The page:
1. It’s been a minute.
2. There’s much going on, most of which is fairly mundane in the context of everything else going on, but distractions from the kind of quiet out of which arises meaningful thoughts translated into words.
3. Changes. Mostly exciting. Have you ever tried to sell your business on your own? Call me, if so. I have a few questions.
5. Speaking of meaningful thoughts, a few weeks ago I was talking to a friend.
6. We met about 15 years ago. I was just starting out as a professor at USC in the Interactive Media Division — part of the "Film School." He was finishing high school, visiting USC with his father trying to decide on college.
7. We talked for maybe an hour. He poured through his laptop showing his work with a level of unbridled excitement and energy. He had a particular kind of playfulness that came from the joy of creation and curiosity. Peculiar sculpture that mixed jewelry with taxidermy. A reel of stop-motion animation made with practical materials — no CG. This was pre-iPhone or anything like that. I was awed.
8. I saw this beautiful effervescent creative soul. I kept it low-key, but it was clear that this feller had a unique sensibility and eye and feel.
9. We all went to lunch. We had tacos. I prefaced what I had to say:
10. “You may not like what I’m going to say, but I have to say..”
11. Wide eyes. Mouths wide ajar in anticipation of the ingress of savory al pastor. Tacos dripped as they stood frozen mid air.
12. “ — do not come to school here. It'll crush your soul.”
14. He didn't. We became friends. I suppose I was a mentor. We collaborated on projects, mostly art-design-technology adventures. In a strange way I never felt like I was teaching something or anything really. Just talking and making. Maybe because I felt I was learning. Seeing things I otherwise wouldn’t have seen. Music. Cultures I hadn’t a clue about. Insights and films. I made a map of the circuit of museums and institutions to visit. He’d go with his dad on tours of these places. He just reminded me of the meal we had at the preposterously early hour of 5pm in Linz Austria during Ars Electronica that one time cause his dad was starving.
15. All of that was incredibly satisfying and rewarding.
16. We hadn’t been in touch for maybe 5 years, I would say. No drama. Just momentary divergent paths.
17. Out of the blue, he sent a text around early this spring, just as the world was beginning to think about rolling out of quarantine.
18. “Yo! What’s up?”
19. We arranged to meet at his studio.
20. It was a beautiful thing he’s created. The feeling was somewhere between awe and elation. It’s got a back patio and perfect cafe with a banh mi I think about from time to time. And we were talking and our catching up was unfolding over multiple chats each multiple hours.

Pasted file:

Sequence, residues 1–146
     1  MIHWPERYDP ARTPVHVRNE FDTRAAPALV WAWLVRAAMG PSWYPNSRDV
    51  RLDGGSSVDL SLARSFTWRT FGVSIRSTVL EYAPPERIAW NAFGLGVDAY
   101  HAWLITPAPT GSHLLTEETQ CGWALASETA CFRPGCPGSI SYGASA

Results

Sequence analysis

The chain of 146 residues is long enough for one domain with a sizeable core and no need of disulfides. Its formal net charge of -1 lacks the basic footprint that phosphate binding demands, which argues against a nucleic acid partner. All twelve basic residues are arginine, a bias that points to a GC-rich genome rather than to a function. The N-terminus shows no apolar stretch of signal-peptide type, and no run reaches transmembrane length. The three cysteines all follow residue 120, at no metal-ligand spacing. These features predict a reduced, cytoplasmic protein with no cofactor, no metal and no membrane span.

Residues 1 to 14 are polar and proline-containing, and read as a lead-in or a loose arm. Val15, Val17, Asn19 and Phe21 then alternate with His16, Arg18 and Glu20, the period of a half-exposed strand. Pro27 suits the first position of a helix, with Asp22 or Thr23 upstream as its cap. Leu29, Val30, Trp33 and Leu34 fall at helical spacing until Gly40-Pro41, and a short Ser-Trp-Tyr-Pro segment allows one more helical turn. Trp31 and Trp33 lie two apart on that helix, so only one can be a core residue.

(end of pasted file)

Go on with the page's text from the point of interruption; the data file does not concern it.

21. Maybe the third or fourth time we met up, in that conversation, as he was tangentially describing how he decides what the studio creates and who they collaborate with, and all of that. It came down to creating meaning that resonates with a sensibility and a community. In that I was seeing a kind of descriptive prop materialize in my mind's eyeball. It was a slider, like a fader on a mixing board only it ran left to right. On one end was “Make Meaning” and on the other end it said “Make Money”.
22. And I liked the way it rhymed in my head — Make Meaning. Make Money.
23. We know what it is to Make Money.
24. What is it to Make Meaning? I’m not here to tell you precisely I can only speak from my own experience which is to say that Making Meaning is to touch others in a way that introduces wonder and reflection. Making Meaning creates community. It may be a disruption of comprehension to compel thought and consideration. Making meaning is to create unexpected and unanticipated understanding as to the state of things.
25. Sense-making — making sense of things — is what one does when one focuses efforts on making meaning.
26. Find the right balance, but always start with making meaning and find the place somewhere on that slider that creates a balance and I think you will have found what it is to live, truly. The Meaning.
27. That one guy Bernstein in "Citizen Kane" said something that I'll never, ever forget and sounds so simple and maybe means more in the film than that 'Rosebud' gag: "Well, it's no trick to make a lot of money... if what you want to do is make a lot of money."
28. Making something that makes meaning is to create something that touches the soul, truly. Something that builds community, and is full of sense, and changes the way we see and understand, and feel — something that makes someone feel. To do that — well, that's a rare trick..a rare trick, indeed.
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